Australia's Electricity System Transition to 2030

Australia's Electricity System Transition to 2030

Tuesday, 27 September 2016 - 9:00am to Wednesday, 28 September 2016 - 5:00pm

In the wake of the Paris COP21 and the outcomes of the Federal election, Australia's emissions pathway and the policies that will guide the energy sector are becoming clearer.

Current policy settings will see a gradual increase in renewables, but it is not yet clear what the emerging policies will be to drive the required rapid decline in carbon emissions through phasing out of existing fossil generators. State governments are also developing climate and energy policy frameworks.

In the short term, new generation capacity will likely be wind and solar

PV technologies. As the penetration of renewables increases, it is likely the role for storage and dispatchable renewables will become more important.

Transition of the energy system will have implications for energy pricing, transmission and distribution systems as well as for those communities whose local economies have relied on fossil fuel generators.

These new dynamics will profoundly change interactions with consumers and require the adaptation of business models of energy producers and users.

Bringing together experts from sectors in the energy transition across business, government, academia, civil society, including from the European Union, this 2-day symposium provides an opportunity for policymakers and researchers to share new insights and to identify knowledge gaps required to inform policy design and development.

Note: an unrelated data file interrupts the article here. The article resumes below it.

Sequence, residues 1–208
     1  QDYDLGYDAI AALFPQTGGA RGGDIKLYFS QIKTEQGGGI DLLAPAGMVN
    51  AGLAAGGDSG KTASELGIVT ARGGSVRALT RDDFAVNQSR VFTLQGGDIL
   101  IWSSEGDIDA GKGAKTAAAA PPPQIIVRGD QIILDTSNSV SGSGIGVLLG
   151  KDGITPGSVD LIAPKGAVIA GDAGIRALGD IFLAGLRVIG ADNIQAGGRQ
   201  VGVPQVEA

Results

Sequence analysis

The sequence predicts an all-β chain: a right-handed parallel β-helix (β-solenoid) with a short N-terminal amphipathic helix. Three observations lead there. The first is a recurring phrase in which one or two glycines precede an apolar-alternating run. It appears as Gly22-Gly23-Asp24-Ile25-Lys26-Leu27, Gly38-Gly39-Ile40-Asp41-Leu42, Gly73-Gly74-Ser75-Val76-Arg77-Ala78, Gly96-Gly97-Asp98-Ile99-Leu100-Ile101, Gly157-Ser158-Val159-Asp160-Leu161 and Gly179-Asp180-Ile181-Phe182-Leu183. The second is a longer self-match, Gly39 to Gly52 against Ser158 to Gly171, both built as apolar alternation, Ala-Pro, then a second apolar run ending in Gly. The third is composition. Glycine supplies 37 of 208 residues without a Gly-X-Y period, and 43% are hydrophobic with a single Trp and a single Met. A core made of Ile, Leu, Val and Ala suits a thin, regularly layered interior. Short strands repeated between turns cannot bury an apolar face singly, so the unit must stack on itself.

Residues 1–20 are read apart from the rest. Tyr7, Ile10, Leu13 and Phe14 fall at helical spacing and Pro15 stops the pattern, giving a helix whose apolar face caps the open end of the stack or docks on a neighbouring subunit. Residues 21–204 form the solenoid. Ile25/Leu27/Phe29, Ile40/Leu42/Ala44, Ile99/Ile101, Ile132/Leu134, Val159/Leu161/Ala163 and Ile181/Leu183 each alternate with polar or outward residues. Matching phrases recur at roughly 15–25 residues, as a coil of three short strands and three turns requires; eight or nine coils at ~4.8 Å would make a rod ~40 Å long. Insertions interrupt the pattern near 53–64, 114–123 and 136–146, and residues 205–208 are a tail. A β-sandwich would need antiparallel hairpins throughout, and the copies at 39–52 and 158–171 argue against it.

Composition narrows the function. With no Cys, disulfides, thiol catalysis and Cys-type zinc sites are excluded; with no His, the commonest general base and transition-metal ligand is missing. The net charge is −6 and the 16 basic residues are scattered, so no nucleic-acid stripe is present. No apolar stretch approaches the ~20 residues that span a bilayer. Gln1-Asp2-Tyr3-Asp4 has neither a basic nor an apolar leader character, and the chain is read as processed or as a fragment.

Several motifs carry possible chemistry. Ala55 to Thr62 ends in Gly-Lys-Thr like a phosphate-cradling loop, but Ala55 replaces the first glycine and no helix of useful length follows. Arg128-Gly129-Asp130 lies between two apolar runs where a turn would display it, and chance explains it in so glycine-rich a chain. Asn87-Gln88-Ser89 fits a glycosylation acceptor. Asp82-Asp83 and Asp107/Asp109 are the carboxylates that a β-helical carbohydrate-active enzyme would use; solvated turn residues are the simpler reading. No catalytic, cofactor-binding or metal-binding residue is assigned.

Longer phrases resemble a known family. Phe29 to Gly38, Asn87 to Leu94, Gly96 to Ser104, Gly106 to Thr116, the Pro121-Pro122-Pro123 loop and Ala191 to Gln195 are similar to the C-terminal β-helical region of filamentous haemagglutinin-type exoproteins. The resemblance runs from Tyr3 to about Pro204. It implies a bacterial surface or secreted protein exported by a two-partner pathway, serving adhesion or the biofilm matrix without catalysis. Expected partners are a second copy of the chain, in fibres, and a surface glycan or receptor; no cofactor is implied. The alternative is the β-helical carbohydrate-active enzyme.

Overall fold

Event Location: 
Melbourne Business School
200 Leicester St Carlton

Web tools and Projects we developed

  • Open-NEM

    The live tracker of the Australian electricity market.

  • Paris Equity Check

    This website is based on a Nature Climate Change study that compares Nationally Determined Contributions with equitable national emissions trajectories in line with the five categories of equity outlined by the IPCC.

  • liveMAGICC Climate Model

    Run one of the most popular reduced-complexity climate carbon cycle models online. Used by IPCC, UNEP GAP reports and numerous scientific publications.

  • NDC & INDC Factsheets

    Check out our analysis of all the post-2020 targets that countries announced under the Paris Agreement.